“Murphy’s for real then,” I told him. “I’ll meet you in about twenty.” As Angus switched off, the red light in my peripheral vision did too.

Murphy’s was on Lennox Street. Traffic swelled past me and the hum of aerated engines filled the air. The streets were a blaze of neon, advertising life. I’d decided to switch off. Not exactly legal, but you could get away with an hour or so each day. This was because of the health nuts. They claimed that being switched on whilst working out made exercise pointless because of the constant interruptions.
I saw Angus in the corner, seated on a leather armchair. He raised his hand when he saw me.
“Thanks for meeting me Trev. Good idea Murphy’s Real, not too many people about. I bet that if we had paid the entry fee to go virtual the placed would be noisy, standing room only.”
I looked down at the table to see the drink options in front of me. Quickly finding my favourite, whisky and dry, I pushed a button and entered my code to pay.
“What part did you get up to in the murder?” Angus asked.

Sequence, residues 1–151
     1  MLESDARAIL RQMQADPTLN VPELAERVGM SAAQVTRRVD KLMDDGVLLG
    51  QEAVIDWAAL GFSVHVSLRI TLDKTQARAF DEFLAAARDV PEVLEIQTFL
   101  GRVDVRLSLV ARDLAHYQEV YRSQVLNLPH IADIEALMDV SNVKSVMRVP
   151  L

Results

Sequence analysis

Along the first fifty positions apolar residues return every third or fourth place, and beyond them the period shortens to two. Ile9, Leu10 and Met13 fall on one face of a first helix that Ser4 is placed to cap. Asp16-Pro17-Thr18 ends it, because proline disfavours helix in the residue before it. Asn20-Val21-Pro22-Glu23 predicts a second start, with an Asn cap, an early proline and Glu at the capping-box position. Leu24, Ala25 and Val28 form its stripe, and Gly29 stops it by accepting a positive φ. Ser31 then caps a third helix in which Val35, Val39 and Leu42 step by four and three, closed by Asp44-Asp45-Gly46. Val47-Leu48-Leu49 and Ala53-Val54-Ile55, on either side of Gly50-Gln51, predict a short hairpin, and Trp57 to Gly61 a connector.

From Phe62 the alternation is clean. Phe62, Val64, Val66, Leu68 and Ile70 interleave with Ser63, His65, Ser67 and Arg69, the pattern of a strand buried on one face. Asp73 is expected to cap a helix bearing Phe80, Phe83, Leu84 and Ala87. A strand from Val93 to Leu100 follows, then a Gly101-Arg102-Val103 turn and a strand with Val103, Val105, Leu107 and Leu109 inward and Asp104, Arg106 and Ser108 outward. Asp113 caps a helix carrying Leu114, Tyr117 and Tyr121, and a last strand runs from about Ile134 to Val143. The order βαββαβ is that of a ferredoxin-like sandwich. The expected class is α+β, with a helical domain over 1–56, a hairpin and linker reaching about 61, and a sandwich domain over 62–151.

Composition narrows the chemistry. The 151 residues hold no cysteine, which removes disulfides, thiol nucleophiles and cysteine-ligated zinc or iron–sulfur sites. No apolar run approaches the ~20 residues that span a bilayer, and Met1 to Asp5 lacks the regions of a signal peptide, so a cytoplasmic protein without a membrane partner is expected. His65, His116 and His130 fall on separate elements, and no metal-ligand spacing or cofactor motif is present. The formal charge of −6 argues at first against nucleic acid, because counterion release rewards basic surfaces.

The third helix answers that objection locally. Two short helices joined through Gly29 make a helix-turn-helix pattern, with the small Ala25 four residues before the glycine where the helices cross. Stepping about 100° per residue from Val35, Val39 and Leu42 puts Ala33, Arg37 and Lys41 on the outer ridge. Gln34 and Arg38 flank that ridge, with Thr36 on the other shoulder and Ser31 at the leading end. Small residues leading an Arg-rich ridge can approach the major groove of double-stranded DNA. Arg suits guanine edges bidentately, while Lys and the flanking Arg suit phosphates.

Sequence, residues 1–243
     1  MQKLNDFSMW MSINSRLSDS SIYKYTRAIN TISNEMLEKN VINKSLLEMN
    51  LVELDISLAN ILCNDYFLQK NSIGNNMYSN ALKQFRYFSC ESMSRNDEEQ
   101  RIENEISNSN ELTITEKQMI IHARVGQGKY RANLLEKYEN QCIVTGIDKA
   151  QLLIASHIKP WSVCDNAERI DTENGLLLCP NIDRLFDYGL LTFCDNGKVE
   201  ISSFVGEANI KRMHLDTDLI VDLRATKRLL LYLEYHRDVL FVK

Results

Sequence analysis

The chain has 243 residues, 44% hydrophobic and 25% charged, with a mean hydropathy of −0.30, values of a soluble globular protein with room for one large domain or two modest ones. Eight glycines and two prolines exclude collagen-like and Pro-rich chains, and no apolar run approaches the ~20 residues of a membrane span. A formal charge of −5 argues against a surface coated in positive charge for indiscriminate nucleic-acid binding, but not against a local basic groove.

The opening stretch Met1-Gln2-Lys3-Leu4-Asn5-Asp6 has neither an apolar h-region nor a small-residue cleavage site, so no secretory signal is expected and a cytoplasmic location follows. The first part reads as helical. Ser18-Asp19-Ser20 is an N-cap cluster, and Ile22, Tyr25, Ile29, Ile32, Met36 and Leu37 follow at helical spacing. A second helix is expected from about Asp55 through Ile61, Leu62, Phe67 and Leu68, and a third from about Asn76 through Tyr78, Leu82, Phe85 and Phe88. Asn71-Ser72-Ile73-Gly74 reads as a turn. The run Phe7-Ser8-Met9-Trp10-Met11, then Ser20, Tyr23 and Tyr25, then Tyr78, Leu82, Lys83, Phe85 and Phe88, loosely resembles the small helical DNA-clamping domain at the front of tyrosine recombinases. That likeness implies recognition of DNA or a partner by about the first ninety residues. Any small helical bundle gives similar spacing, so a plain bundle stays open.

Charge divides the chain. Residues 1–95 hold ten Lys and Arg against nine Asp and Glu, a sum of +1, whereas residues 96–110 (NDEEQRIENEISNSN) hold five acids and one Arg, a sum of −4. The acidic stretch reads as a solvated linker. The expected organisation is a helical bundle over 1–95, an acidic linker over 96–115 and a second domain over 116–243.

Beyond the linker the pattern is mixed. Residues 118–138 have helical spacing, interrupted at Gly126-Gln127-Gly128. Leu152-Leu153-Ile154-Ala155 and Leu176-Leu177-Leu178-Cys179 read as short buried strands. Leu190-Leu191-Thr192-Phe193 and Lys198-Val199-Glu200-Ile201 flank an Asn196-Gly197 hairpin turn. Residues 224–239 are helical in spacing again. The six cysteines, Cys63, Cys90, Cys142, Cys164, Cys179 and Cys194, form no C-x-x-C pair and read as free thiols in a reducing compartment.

“Only the beginning. She was about to do the deed,” I said.
“I don’t like what the Mediamakers have done with this case. I know for a fact that additions have been made.”
This made me sit up. “What do you mean?”
Angus lowered his voice. “I’ve been contacted by a Mediamaker. They know all about the Justice Cause, and whoever it is, reckons they can give me some information. According to them it’s enough to make your head spin.”
My drink arrived and I slowly took a sip. Angus was on a mission to save the world’s justice system. He wanted to go back to the old claptrap of judge and jury. He was especially passionate because some ancestor of his hundreds of years ago was a high court judge or something.
“I can’t stand this! What’s our world become? I was going through some of Judge Baker’s journals the other day. You know, his emails and stuff…”
“Emails!” I interjected. “You’re talking dark ages Angus. Whose going to want to go back to all that?”